“Will Donald Trump be assassinated, ousted in a coup, or just impeached?” – The Spectator
“When was the last time an actor assassinated a president? It’s been a while, and I think it’s time” – Johnny Depp
“I’ve thought an awful lot about blowing up the White House” – Madonna
“I hope Trump is assassinated” – Missouri State Sen. Maria Chappelle-Nadal
While its many covert actions aimed at altering or replacing foreign governments have been amply documented, names like Abe Lincoln and JFK serve to remind us that the US also has a long tradition of regime change at home. The last Republican president to substantially challenge the doctrine of global ‘free trade’ was William McKinley, and things didn’t work out so well for him either. Are we about to see history repeat?
From Kathy Griffin holding up a decapitated effigy of the presidential coconut in a controversial tweet, to the Shakespeare in the Park production of Julius Caesar featuring a Trump-like rendering of the tragic Roman Emperor, the very public calls for the removal of the 45th POTUS by violent means are really quite astonishing. Of course in the land of the free such gestures are readily dismissed as expressions of ‘art’ and ‘free speech’, and not as incitement to murder. Are the American glitterati completely off their meds? At least we can rest easy knowing that – with the exception of one Democratic lawmaker – these calls have not come directly from the halls of power. Or have they? Perhaps before drawing any premature conclusions we should reflect on how power operates in a liberal society, particularly one such as the United States.
Liberalism is a totalitarian ideology which permeates not just western politics, but culture, music, art, and film. It is an ideology which since the fall of communism has ruled the public arena unopposed. This lack of pluralism is not just unhealthy from an intellectual standpoint, but a danger to democracy itself.
In Western countries, particularly Europe and the United States, the cold war period was characterised by ideological differences, and by a breed of capitalism which, despite its usual nasty habits, tended to have a positive impact on the lives of ordinary people. This was largely due to socialist and communist aligned labour movements contributing to a dynamic and robust political discourse. Since the symbolic end of the Cold War however, these socialist characteristics have been systematically stripped away, gradually replaced by environmentalism and identity politics. The social safety net has been dismantled; protections for ordinary citizens have fallen by the way. In place of a generally compassionate society with an upwardly mobile middle class, we now find record levels of mass incarceration and police brutality, and all manner of war being waged against the poor, the unemployed, the homeless, the disabled, the indigenous, refugees and the elderly. Not to mention the neo-colonial War on Terror, the very quintessence of class war.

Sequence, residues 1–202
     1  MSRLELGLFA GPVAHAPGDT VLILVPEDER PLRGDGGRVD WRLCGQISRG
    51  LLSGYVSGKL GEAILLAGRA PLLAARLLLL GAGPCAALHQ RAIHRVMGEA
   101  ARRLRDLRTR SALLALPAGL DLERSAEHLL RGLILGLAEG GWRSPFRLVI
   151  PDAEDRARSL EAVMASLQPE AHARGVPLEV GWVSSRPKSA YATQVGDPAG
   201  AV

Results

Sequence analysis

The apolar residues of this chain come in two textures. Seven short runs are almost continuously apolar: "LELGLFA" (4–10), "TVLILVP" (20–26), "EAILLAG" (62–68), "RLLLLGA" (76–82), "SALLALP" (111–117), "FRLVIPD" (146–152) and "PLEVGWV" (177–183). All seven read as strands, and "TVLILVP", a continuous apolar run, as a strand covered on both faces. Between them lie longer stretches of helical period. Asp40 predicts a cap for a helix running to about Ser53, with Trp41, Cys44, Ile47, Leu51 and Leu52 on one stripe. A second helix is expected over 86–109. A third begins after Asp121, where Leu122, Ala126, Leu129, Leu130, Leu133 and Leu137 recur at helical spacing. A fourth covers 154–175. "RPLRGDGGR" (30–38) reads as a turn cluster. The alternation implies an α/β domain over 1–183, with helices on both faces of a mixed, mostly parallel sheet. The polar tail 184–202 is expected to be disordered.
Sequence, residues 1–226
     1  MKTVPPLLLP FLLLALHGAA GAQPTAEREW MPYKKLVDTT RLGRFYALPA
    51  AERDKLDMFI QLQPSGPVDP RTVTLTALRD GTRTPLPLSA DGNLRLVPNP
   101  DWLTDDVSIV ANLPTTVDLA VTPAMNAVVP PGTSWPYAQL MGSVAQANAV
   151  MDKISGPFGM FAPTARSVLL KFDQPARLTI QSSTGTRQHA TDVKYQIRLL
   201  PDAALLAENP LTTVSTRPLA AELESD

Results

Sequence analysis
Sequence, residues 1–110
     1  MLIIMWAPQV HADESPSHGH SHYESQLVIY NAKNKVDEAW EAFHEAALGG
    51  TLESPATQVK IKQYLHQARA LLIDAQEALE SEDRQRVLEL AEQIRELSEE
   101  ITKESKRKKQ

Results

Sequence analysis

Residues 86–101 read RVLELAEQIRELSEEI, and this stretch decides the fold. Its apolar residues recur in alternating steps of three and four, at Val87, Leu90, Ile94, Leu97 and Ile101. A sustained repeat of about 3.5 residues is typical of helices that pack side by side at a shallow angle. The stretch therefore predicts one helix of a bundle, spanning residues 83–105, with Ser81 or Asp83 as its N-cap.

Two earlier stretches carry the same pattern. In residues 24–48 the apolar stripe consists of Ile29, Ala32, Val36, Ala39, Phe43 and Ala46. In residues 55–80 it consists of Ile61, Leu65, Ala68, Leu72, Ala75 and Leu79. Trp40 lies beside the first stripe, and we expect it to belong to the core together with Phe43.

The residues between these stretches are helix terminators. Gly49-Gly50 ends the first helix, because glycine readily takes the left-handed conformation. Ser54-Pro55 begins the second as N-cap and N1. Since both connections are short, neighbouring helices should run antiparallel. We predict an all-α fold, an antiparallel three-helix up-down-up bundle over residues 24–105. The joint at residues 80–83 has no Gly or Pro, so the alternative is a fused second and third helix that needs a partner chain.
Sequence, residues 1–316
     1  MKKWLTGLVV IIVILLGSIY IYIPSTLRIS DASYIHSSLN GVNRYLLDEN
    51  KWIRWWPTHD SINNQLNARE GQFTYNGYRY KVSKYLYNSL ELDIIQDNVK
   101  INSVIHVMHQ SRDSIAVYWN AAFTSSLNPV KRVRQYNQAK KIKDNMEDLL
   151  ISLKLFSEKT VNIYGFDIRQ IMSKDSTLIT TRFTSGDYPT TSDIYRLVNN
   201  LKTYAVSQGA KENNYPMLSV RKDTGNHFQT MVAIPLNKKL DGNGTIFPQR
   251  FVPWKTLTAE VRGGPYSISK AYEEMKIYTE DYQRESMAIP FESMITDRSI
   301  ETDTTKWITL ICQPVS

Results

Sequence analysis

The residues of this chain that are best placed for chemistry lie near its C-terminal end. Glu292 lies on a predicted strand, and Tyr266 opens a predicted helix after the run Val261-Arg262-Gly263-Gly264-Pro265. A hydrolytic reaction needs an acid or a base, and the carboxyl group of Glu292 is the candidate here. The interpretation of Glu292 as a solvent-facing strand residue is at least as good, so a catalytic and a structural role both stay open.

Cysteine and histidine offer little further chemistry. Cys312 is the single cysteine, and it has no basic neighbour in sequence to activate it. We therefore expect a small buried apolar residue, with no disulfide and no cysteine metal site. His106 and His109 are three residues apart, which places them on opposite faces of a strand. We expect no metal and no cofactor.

“Who does not know that the question of the liberation of the colonies is essentially a question of the liberation of the laboring masses of the non-proletarian classes from the oppression and exploitation of finance capital?” – Joseph Stalin, 1924
Absent any countervailing narrative, we have entered what some scholars have termed a ‘post-ideological’ era, the End of History if you will, in which all the levers and mechanisms which propel society now work for and on behalf of capital. Thus Western media has become a propaganda tool for the rich, along with cinema and pop music, education and philosophy.
It seems no matter how many times we see the words oligarchy and plutocracy, we still have it set in our minds that ‘government’ is the ultimate seat of power. It’s tedious to have to repeat over and over that our politicians are just the brazen hussies of the global ruling elite; the one percent which includes not just the familiar big banks, weapons manufacturers, big oil, big pharma, agribusiness, and corporate giants like Amazon and Google, but also a massive nouveau bureaucracy of Hollywood royalty, sporting celebrities, and pop stars. The idea is best articulated by Frankie Boyle:
“Not only will America go into your country and kill all your people, but what’s worse I think is they’ll come back twenty years later and make a movie about how killing your people made their soldiers feel sad.”
The point here is that when Johnny Depp and Madonna call for Trump’s assassination, they promulgate a meme which you better believe originates from the highest ranks of the social order.